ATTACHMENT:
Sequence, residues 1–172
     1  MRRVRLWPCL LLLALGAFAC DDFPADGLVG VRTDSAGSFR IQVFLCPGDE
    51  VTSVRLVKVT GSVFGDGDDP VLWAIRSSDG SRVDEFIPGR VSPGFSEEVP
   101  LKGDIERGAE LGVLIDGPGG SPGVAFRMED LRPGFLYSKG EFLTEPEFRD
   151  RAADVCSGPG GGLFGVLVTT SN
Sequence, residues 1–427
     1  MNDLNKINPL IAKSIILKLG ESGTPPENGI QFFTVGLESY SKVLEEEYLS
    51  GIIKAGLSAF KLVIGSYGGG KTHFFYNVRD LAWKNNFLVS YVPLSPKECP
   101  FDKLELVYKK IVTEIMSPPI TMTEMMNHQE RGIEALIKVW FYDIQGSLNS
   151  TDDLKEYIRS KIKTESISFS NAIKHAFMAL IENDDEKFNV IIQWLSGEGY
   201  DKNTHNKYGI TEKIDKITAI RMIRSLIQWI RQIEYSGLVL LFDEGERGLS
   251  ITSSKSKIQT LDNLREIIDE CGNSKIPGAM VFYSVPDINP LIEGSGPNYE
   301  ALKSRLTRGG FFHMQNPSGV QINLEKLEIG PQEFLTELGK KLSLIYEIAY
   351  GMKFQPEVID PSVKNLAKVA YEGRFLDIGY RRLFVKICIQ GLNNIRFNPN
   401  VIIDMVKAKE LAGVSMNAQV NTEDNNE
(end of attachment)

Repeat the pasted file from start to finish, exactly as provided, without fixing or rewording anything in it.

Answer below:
Sequence, residues 1–172
     1  MRRVRLWPCL LLLALGAFAC DDFPADGLVG VRTDSAGSFR IQVFLCPGDE
    51  VTSVRLVKVT GSVFGDGDDP VLWAIRSSDG SRVDEFIPGR VSPGFSEEVP
   101  LKGDIERGAE LGVLIDGPGG SPGVAFRMED LRPGFLYSKG EFLTEPEFRD
   151  RAADVCSGPG GGLFGVLVTT SN
Sequence, residues 1–427
     1  MNDLNKINPL IAKSIILKLG ESGTPPENGI QFFTVGLESY SKVLEEEYLS
    51  GIIKAGLSAF KLVIGSYGGG KTHFFYNVRD LAWKNNFLVS YVPLSPKECP
   101  FDKLELVYKK IVTEIMSPPI TMTEMMNHQE RGIEALIKVW FYDIQGSLNS
   151  TDDLKEYIRS KIKTESISFS NAIKHAFMAL IENDDEKFNV IIQWLSGEGY
   201  DKNTHNKYGI TEKIDKITAI RMIRSLIQWI RQIEYSGLVL LFDEGERGLS
   251  ITSSKSKIQT LDNLREIIDE CGNSKIPGAM VFYSVPDINP LIEGSGPNYE
   301  ALKSRLTRGG FFHMQNPSGV QINLEKLEIG PQEFLTELGK KLSLIYEIAY
   351  GMKFQPEVID PSVKNLAKVA YEGRFLDIGY RRLFVKICIQ GLNNIRFNPN
   401  VIIDMVKAKE LAGVSMNAQV NTEDNNE